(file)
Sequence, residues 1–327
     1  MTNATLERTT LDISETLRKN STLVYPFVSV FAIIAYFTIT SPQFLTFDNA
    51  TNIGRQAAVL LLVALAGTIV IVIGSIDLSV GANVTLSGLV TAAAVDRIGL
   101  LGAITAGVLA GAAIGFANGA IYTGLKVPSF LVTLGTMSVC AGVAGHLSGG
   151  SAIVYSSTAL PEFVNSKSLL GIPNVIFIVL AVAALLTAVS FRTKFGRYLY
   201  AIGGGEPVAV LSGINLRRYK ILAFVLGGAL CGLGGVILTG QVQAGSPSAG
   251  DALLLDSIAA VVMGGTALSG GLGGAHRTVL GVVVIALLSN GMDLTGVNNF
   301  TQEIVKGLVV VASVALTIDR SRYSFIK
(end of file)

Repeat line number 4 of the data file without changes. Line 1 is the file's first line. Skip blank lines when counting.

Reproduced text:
   101  LGAITAGVLA GAAIGFANGA IYTGLKVPSF LVTLGTMSVC AGVAGHLSGG